Comments by Sanwar Ali:
It is already very difficult obtaining an H1B visa for most employers. Unless there is an exemption, available only in limited circumstances, the only option is the H1B visa quota which is usually heavily oversubscribed, with a lottery for the available visas. Under Trump the refusal rate has increased significantly. On top of this, despite the recent relaxation, there is the Trump work visa ban that still applies in many cases.
Much of the time the only option is the H1B visa. The O1 visa is only available for a limited number of people with “extraordinary ability”. The E2 visa is not available for Indian or Chinese nationals unless they can obtain another nationality. We come back to the issue of the November Presidential elections. If Trump loses against Joe Biden, which is very possible if not likely, then many of the current anti-immigration policies are likely to change.
Despite imposing a ban on temporary work visas - including the H1B visa - amid the coronavirus pandemic, the Trump administration looks set to further tighten the H1B program. The US Department of Homeland Security (DHS) recently submitted a draft regulation to the Office of Management and Budget (OMB) outlining the restrictions.
Trump has targeted H1B visa reforms ever since taking office in 2017, with a view to overhauling the program to attract the ‘brightest and best’. It’s expected that the new restrictions will redefine what a speciality occupation is under the program, plus the relationship between employer and employee.
H1B visa restrictions a priority under Trump
H1B visa reform has been a top item on Trump’s agenda and has accelerated since his work visa ban, which came into force on June 22. The OMB’s review is understood to be in its final stages before the changes are rolled out for public comments, vetted and implemented.
However, sources anticipate that public comments will be bypassed, suggesting that it’s likely the new regulation will be introduced as an ‘interim final rule.’ The OMB offices serve the interests of the US President and putting his vision into practice across the executive branch.
The new legislation wasn’t expected to be introduced until the end of December. However, with the US presidential elections fast approaching, it seems the OMB’s review has been accelerated.
The H1B visa is incredibly popular among Indian IT firms with operations in the US. Recent figures highlight that 72% of H1B visas were issued to Indians in the fiscal year ending September 2019.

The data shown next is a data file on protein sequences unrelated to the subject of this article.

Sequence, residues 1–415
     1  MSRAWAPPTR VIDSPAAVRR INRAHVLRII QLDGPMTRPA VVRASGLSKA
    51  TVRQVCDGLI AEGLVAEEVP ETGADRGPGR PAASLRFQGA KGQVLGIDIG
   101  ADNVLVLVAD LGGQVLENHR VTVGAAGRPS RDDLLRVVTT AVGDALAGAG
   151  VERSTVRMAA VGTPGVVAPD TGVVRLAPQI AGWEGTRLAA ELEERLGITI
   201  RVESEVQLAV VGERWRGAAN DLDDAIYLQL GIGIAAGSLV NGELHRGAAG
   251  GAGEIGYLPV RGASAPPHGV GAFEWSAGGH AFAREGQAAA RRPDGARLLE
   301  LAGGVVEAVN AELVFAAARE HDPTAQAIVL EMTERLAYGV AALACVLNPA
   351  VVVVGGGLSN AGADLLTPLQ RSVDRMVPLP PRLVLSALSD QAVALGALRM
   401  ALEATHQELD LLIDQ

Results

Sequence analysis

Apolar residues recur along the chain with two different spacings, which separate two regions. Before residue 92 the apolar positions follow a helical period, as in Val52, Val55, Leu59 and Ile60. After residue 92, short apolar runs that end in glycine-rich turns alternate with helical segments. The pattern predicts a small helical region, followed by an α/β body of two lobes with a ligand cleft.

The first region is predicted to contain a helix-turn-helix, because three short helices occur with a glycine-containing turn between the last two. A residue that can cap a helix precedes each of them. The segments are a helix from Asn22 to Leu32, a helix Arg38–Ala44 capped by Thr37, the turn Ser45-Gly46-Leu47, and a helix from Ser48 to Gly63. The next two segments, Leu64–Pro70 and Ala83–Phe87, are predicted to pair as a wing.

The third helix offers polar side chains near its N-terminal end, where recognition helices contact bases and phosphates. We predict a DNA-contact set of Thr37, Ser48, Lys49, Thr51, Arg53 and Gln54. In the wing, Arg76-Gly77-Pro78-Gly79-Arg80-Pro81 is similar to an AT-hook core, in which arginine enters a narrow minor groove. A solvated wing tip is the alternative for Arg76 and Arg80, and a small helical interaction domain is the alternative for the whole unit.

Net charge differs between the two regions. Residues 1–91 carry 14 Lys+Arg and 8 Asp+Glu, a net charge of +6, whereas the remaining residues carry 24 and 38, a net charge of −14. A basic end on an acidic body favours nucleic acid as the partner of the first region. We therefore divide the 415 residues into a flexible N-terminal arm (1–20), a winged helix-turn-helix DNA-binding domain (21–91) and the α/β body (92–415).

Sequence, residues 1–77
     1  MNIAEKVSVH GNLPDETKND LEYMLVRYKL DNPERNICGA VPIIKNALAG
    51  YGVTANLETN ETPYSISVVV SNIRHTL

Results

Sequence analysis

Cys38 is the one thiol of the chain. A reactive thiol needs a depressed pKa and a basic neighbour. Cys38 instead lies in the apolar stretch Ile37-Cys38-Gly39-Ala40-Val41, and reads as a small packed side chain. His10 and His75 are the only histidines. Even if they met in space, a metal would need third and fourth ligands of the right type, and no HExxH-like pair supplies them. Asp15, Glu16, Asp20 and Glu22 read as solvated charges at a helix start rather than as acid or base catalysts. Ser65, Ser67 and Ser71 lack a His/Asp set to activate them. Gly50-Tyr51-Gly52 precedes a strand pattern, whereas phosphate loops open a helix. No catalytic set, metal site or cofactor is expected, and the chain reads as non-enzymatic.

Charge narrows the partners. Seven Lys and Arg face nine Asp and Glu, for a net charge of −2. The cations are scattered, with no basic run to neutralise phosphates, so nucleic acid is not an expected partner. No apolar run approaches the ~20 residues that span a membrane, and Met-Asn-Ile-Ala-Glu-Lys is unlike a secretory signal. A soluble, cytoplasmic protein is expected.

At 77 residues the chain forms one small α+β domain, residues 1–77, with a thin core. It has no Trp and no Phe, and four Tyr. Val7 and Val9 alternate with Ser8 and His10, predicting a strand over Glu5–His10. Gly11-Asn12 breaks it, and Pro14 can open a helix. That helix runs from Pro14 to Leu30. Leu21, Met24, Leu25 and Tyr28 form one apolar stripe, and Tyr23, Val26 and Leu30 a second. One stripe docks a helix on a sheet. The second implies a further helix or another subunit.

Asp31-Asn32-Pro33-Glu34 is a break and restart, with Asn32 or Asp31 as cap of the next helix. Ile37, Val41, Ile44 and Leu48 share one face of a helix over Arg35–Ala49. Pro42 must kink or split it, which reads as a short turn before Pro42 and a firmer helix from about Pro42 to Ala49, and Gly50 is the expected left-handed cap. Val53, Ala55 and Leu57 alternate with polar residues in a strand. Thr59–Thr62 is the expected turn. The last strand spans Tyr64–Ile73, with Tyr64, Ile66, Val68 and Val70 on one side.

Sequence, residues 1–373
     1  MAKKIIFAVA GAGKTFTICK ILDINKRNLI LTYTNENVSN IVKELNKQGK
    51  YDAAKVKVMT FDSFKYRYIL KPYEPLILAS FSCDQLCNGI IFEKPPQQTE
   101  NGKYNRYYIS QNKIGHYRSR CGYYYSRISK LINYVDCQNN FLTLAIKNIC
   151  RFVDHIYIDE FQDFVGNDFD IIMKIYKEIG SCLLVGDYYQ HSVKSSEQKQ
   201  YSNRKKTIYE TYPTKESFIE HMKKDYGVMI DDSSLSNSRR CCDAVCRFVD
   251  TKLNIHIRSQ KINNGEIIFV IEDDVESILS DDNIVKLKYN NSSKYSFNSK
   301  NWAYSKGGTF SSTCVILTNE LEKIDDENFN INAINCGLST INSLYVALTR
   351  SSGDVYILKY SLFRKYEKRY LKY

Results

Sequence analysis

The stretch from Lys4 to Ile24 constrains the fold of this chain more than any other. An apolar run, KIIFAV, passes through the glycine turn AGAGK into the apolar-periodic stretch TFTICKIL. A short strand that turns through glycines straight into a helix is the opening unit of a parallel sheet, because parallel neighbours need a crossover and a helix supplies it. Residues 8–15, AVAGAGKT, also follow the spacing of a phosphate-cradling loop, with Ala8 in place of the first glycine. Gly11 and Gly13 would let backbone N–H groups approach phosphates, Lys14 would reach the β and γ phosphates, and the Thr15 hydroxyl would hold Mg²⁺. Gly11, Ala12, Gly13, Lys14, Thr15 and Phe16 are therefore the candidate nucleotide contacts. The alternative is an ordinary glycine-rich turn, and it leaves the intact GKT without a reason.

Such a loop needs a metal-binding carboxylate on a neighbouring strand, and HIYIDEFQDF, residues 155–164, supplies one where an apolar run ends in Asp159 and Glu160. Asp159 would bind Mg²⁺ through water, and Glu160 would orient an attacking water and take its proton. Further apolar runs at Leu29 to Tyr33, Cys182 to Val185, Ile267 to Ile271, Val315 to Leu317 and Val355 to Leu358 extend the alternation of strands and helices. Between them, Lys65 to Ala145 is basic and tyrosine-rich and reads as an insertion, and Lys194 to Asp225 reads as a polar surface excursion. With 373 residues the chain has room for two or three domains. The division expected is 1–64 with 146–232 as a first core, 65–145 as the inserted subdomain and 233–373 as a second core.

US H1B visa denial rates rise
Amid imminent changes to the H1B visa program, denial rates among IT firms rose sharply in the second quarter of the 2020 fiscal year. Refusal rates rose to 29% compared to 21% for the same period in 2019 and 24% in 2018.
It’s understood that the top 25 employers of new H1B professionals experienced the highest refusal rates. Six Indian companies featured in the top 25 employers of H1B professionals with Tata Consultancy Services the only one in the top 10.
According to Stuart Anderson, the executive director of the National Foundation for American Policy (NFAP): “The highest denial rates continue to be for companies that provide information technology or other business services to American companies.”
“The data indicates that USCIS has established a different standard for deciding cases for companies that provide information technology services. US immigration law does not have a different standard for adjudications based on the type of firm or the location where work will be performed,” Anderson added.
H1B visa renewals continue to be accepted even under work visa ban
Meanwhile, although denial rates among new applications have increased and further H1B visa restrictions are expected, US Embassies in India are processing H1B visa renewal applications, provided they are with the same company and occupying the same role for which an initial H1B visa was issued.
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